Mix this with the initial description and you’re pretty close to home. And of course, there is always a shorter way to explain it all. Also a little clearer and easier to understand. Like this:
Systems and solutions designed to protect and control endpoints whether those endpoints are within, attached, or connected remotely to an organization’s network. Endpoint security solutions can include but are not limited to: antivirus, virtual private network (VPN), host intrusion prevention, personal firewall, anti-spyware, and multi-factor authentication solutions.
What I personally think endpoint security should be all about (and what some good endpoint security solutions developers are actually doing) can be listed as follows:
- cover both individuals and companies
- be able to offer the same level of security to all types of businesses SOHO, SMB and large companies
- prevent data loss and leakage
- prevent data theft and other security breaches
- identify all real threats (from both outside and within a certain network)
- offer comprehensive file tracing and auditing features
- allowing trusted devices to be identified as such
- protect a network from all possible gadgets and portable data storage devices
- help customers efficiently comply with IT security and governance standards and legislation
- as a cherry on top, it should all be easy to understand and to operate, as learning time is limited
What is endpoint security to you? What important factors have I left out? Feel free to add your ideas to the checklist I’ve created.
A bug in a live update spread among Symantec’s endpoint security customers resulted in error logs piling up and rendering the solution inoperable. While the company states it is working on a fix for the issue that seems to have affected quite large numbers of users, the Register presents a different story – the hard time one of their readers has had dealing with the repeated errors.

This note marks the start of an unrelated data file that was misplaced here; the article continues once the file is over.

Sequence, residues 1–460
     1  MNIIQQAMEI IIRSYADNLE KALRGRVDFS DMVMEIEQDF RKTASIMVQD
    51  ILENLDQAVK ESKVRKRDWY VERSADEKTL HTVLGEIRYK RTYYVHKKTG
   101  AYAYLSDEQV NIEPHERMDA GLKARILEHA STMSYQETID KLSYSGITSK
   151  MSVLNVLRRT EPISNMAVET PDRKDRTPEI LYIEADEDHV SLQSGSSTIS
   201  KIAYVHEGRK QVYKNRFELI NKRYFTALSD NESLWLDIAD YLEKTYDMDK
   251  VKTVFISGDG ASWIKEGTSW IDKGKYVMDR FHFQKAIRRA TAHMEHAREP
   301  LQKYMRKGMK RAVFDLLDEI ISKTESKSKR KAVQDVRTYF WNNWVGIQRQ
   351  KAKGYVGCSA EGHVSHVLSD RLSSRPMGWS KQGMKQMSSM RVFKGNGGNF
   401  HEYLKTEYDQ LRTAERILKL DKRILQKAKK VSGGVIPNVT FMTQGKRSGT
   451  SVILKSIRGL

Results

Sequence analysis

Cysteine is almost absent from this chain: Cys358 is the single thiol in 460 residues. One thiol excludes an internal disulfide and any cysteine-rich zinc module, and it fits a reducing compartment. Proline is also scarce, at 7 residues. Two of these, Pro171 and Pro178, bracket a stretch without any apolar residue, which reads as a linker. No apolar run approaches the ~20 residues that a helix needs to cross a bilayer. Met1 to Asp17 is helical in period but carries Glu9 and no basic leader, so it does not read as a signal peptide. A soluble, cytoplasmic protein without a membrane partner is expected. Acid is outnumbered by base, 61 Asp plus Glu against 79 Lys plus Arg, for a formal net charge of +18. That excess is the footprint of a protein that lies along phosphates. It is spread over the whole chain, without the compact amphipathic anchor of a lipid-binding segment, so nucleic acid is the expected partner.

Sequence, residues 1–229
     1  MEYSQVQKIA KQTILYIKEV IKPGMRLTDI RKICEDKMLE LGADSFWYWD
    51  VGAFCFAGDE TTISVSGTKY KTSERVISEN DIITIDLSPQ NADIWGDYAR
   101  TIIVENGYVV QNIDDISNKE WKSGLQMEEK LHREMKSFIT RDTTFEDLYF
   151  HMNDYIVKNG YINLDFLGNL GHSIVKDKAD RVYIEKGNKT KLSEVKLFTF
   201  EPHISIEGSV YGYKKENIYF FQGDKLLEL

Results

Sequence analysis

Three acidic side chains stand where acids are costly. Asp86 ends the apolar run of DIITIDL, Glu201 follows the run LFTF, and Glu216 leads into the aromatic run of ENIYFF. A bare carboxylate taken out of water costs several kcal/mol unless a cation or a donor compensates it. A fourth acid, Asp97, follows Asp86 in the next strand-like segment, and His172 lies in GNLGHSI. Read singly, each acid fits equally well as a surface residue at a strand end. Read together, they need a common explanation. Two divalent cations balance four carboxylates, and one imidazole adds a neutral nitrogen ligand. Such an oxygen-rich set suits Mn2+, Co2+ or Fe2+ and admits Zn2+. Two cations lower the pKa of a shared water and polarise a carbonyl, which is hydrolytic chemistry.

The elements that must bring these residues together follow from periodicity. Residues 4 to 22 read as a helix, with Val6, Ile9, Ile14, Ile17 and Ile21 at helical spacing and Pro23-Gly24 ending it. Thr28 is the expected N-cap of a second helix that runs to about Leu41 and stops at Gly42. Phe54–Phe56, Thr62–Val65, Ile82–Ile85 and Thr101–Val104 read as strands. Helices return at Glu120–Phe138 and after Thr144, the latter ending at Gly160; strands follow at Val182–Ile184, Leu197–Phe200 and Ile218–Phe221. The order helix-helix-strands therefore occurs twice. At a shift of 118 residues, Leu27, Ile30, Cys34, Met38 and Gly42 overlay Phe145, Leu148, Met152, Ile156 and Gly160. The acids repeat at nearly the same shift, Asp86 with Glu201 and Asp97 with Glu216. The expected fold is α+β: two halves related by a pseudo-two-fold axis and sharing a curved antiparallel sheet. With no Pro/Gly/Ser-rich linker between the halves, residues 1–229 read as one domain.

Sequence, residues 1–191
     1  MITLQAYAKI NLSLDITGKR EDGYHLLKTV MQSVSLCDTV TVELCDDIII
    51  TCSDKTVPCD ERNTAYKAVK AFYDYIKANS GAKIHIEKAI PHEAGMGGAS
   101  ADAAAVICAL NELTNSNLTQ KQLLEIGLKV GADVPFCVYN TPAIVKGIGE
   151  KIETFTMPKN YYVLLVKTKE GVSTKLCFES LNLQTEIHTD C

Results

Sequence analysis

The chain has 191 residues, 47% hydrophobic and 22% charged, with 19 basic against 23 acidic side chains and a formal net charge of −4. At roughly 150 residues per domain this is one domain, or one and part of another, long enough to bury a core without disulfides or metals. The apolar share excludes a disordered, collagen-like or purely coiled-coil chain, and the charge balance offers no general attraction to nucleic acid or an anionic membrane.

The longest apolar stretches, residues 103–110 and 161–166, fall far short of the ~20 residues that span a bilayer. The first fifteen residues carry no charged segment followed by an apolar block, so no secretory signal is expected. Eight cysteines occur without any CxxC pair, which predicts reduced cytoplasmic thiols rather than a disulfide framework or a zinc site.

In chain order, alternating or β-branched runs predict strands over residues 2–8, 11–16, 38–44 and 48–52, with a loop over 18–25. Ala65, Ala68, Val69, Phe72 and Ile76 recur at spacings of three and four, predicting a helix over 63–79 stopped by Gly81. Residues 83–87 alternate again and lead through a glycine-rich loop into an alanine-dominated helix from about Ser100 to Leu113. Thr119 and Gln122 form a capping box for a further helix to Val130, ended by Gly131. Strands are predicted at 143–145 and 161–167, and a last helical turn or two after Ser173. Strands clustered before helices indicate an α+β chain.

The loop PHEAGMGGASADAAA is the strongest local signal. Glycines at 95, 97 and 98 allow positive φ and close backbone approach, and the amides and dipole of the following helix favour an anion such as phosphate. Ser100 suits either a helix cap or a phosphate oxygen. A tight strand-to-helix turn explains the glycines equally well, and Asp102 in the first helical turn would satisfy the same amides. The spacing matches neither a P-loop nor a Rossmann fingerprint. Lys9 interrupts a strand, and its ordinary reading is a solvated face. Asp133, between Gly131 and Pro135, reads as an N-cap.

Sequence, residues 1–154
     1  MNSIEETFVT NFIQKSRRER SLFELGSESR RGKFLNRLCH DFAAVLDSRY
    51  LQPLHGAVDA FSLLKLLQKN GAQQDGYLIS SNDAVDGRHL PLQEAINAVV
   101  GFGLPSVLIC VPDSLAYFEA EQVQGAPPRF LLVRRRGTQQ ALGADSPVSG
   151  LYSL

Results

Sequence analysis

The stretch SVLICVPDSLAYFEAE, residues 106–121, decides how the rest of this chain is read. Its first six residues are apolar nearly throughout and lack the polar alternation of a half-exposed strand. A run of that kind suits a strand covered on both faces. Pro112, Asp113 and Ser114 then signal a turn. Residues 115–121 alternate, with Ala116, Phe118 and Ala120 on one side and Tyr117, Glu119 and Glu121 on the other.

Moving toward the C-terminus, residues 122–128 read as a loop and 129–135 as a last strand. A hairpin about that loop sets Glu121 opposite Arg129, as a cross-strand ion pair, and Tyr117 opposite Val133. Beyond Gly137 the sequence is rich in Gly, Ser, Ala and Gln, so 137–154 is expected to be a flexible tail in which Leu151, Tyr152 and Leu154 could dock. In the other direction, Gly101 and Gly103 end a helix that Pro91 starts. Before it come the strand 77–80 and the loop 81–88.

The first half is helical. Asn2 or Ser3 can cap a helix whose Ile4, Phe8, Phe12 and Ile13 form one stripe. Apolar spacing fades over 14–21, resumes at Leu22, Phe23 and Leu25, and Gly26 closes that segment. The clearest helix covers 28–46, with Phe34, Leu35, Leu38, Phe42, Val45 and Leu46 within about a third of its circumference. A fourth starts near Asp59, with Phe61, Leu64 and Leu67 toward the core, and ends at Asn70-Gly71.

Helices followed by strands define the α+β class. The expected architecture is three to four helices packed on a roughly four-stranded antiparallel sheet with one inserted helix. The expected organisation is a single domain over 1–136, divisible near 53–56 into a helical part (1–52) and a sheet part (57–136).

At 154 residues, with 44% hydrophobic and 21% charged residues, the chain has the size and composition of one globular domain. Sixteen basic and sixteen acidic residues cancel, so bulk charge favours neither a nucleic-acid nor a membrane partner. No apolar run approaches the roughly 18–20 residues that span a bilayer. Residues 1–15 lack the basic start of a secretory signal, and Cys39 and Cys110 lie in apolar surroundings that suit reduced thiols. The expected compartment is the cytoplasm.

The story sparked quite a debate on Symantec’s forums. Although the initial stories about how much damage this bug has caused are exaggerated, there still seems to be a great discrepancy in how customers and the company see things. While Symantec states only minor errors should have been reported, the quoted Registrar reader speaks of server halts and users being unable to login:
Symantec acknowledged the error-generating bug, but says the product remains functional. “This issue would have led users to see “Error 58/55″ in their SEP log files. The issue shouldn’t have done anything but generate errors — there should have been no issue with the product itself,” a spokesman said.
Richard said the problem didn’t cause problems in downloading anti-virus definitions even without applying workarounds (contrary to earlier versions of this story). Nonetheless the issue is still causing all sorts of grief. “Anti-virus updates appear to come down fine. It’s just a decomposer issue, but does that mean that anti-virus can’t scan inside archives until the problem is fixed? Symantec aren’t saying,” he said.
“However many many people are still having problems with things like the errors filling up logs and grinding servers to a halt. I personally figured something was wrong when none of my users could log on, there were temp files from live update littering the boot drive of the server and it had no free space,” Richard reports.
Starting as cool give-aways, easily brandable and not taking too much space, USB sticks have developed into quite efficient means of carrying data to and from PCs. As numbers of mobile employees and freelancers numbers increase, fast and easy means of carrying information around gains more attention. And with that attention the threats of having proprietary information and private details lost and stolen increases.
As endpoint security evolves, so do protection forms, varying more and embedding the latest technology. So why would a USB stick need biometrics, if passwords and data encryption are already available? To answer that question, we first need to better define biometrics. The term covers the study of methods for uniquely recognizing humans based upon one or more intrinsic physical or behavioral traits. According to Wikipedia, there are two major categories used to divide biometric traits: